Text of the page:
I have posted multiple times before about how worldwide “green” technology and a variety of high tech industries were dependent on “rare earth minerals” mined almost exclusively in China. U.S. production was shut down almost a decade ago over environmental concerns. Among other things, the Chinese had used this dominance to exert political pressure on Japan and others.
Now some rare, good news. The U.S. mine which has been shut down over environmental concerns is reopening:
A major U.S. mine for rare earth metals has gone back into operation, adding a much needed source to offset China’s control of the unique group of materials necessary to build tech gadgets like smart phones and laptops.
Colorado-based Molycorp resumed active mining of the rare earth metal facility at Mountain Pass, California last week. The site had been shutdown in 2002 amid environmental concerns and the low costs for rare earth metals provided by mining operations based in China….
Molycorp, the owner of the Mountain Pass mine, is seeking to free the U.S. from it’s dependence on China for rare earth metals. By the end of 2012, the company is aiming to produce 20,000 tons of rare earths, likely enough to start meeting U.S. demand. Molycorp also plans on breaking ground to the construction of a new rare earths manufacturing facility at the site next month.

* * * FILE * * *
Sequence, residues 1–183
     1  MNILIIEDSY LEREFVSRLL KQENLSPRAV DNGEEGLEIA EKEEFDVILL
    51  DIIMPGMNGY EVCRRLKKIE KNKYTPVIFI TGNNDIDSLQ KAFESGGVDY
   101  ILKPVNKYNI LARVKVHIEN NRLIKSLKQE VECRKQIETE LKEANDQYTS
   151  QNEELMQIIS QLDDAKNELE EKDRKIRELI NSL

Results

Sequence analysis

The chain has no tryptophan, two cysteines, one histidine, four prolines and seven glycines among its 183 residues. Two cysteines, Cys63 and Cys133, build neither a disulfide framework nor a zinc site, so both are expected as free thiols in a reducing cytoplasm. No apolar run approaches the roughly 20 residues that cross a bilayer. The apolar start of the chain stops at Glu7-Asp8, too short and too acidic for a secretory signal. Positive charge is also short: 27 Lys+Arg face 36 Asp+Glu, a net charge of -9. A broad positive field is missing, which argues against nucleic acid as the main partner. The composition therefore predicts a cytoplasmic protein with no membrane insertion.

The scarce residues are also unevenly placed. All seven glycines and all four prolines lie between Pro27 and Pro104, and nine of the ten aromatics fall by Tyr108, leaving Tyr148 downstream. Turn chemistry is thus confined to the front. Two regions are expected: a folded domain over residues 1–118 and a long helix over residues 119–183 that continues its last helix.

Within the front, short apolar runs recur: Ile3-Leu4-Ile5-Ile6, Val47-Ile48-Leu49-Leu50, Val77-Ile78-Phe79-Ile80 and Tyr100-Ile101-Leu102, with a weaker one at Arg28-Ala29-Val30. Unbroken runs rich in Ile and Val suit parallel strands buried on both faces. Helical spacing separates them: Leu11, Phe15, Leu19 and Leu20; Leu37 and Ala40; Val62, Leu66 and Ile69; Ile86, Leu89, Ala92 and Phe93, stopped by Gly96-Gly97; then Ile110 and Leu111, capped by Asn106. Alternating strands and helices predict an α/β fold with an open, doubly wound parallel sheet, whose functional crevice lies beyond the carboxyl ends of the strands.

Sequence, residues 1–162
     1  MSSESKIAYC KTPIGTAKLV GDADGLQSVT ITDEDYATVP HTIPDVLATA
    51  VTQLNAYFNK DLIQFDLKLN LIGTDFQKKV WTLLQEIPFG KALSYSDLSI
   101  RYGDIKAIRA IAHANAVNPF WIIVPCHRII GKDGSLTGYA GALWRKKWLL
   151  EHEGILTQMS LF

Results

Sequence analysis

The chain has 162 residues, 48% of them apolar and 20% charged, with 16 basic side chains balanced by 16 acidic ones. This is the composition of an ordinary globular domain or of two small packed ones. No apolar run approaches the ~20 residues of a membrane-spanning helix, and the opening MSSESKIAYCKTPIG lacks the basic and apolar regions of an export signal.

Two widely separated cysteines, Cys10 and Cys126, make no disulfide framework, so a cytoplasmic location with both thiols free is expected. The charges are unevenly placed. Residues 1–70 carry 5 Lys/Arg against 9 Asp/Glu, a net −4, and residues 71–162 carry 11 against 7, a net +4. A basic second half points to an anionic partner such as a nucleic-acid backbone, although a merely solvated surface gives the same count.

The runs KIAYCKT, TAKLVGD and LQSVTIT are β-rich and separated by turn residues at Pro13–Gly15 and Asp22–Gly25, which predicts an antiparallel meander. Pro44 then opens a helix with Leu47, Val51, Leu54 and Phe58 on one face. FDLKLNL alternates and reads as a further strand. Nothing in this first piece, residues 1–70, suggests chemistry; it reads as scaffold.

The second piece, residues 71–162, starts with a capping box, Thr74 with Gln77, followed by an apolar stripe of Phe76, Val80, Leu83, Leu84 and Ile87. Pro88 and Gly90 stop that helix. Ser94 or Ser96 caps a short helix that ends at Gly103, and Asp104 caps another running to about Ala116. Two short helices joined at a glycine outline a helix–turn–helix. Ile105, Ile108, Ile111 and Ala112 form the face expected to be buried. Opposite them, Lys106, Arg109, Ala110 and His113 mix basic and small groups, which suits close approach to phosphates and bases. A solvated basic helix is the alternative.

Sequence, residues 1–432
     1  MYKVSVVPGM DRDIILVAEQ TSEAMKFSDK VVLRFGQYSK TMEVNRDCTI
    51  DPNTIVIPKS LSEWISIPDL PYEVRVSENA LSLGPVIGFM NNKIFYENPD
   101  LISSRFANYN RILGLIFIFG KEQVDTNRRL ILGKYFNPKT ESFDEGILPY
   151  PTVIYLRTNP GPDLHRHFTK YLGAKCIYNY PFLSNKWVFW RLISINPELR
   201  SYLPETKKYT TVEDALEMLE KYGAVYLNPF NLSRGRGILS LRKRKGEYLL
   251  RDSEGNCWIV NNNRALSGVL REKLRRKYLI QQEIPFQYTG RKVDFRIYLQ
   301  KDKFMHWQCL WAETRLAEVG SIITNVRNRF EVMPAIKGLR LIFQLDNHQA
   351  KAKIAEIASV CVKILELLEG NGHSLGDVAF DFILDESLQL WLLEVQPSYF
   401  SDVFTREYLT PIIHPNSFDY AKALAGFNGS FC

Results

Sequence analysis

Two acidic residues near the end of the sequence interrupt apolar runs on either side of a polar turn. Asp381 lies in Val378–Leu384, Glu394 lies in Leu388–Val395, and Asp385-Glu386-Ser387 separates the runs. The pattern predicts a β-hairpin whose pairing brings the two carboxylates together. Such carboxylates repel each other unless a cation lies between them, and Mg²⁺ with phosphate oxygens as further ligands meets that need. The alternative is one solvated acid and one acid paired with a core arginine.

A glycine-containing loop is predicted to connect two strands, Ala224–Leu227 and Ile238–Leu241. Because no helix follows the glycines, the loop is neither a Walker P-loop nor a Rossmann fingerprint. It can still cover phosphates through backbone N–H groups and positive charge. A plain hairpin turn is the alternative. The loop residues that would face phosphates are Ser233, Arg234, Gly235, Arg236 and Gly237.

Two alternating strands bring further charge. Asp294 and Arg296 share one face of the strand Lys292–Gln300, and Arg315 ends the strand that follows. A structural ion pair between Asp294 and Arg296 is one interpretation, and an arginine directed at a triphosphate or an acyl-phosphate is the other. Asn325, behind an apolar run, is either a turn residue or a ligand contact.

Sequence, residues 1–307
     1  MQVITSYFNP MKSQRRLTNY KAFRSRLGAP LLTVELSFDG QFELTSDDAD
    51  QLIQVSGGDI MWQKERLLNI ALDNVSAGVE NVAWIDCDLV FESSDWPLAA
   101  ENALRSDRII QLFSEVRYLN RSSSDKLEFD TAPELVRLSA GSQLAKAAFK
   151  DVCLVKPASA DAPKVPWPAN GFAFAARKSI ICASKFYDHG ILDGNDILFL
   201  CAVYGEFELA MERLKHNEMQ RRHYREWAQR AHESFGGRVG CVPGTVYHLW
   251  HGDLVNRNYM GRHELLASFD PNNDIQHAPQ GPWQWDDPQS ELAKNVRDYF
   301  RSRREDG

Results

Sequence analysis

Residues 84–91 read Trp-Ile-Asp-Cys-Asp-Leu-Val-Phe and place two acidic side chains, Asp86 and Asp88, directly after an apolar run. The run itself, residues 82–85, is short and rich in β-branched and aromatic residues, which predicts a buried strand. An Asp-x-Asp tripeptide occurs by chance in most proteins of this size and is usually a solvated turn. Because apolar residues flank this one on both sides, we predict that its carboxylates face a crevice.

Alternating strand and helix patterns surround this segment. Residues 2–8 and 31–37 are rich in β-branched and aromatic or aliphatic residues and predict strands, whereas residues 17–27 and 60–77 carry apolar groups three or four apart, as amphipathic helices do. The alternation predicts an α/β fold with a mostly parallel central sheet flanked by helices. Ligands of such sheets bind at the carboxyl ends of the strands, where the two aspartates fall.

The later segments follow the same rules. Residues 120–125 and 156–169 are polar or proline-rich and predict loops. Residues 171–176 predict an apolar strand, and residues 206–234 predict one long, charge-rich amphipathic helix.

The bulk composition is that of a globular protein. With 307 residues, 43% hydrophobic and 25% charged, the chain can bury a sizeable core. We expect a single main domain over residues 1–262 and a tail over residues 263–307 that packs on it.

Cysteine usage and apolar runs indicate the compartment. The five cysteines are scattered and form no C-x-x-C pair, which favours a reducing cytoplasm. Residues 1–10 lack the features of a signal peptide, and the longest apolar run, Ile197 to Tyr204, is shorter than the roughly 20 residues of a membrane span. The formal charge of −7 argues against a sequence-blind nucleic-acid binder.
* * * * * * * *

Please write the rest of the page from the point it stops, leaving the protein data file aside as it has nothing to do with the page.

China, on the other hand, produced about 124,000 tons of rare earths in 2009, according to analysts reports. The country is also the biggest manufacturer of products that use the metals.
While the reopening of the mine certainly is good news, it’s hard to know if it solves the problem because, as reported by The Guardian, worldwide demand for rare earth minerals is expected to double in the coming decade.
Since so much of our “green” technology actually is manufactured abroad, fulfilling domestic demand is good for the military and domestic high tech industries, but I’m not sure it addresses the issue of dependence on China for technologies which supposedly will help lessen our dependence on foreign oil.
Nonetheless, this is good news. Which is rare these days.